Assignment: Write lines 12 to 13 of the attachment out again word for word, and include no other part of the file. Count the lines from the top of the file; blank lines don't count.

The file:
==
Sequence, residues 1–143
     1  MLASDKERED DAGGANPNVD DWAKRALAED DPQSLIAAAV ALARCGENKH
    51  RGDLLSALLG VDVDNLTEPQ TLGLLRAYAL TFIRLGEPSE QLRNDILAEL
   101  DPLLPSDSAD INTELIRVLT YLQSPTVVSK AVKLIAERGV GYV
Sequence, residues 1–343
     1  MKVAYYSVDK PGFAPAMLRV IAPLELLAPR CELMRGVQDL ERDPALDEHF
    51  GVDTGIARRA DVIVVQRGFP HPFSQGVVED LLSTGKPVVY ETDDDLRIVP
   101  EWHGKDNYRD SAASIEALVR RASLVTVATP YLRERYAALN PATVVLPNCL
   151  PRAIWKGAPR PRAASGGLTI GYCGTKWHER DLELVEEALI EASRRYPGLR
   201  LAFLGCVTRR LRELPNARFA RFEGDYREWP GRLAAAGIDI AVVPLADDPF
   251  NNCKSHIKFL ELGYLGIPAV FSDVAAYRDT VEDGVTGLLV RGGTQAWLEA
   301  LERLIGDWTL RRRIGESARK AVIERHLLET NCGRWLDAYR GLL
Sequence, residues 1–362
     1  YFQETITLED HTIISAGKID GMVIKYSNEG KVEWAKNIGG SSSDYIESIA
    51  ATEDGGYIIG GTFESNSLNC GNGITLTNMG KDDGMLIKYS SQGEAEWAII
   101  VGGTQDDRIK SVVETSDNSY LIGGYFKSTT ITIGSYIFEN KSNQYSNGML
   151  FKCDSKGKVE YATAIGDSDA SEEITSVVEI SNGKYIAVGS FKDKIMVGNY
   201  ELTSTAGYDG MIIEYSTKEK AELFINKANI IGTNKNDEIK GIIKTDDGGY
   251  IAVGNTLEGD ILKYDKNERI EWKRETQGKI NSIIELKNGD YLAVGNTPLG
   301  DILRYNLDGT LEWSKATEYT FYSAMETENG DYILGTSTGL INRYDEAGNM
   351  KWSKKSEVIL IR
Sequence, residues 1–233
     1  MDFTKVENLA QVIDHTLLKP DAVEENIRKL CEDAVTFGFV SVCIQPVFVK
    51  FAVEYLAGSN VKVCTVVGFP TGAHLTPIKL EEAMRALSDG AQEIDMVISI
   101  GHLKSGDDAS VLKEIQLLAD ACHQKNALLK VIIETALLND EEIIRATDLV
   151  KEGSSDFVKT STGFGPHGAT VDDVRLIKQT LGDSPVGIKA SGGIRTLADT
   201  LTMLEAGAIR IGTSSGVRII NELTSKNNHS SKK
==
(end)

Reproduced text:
   301  LERLIGDWTL RRRIGESARK AVIERHLLET NCGRWLDAYR GLL
Sequence, residues 1–362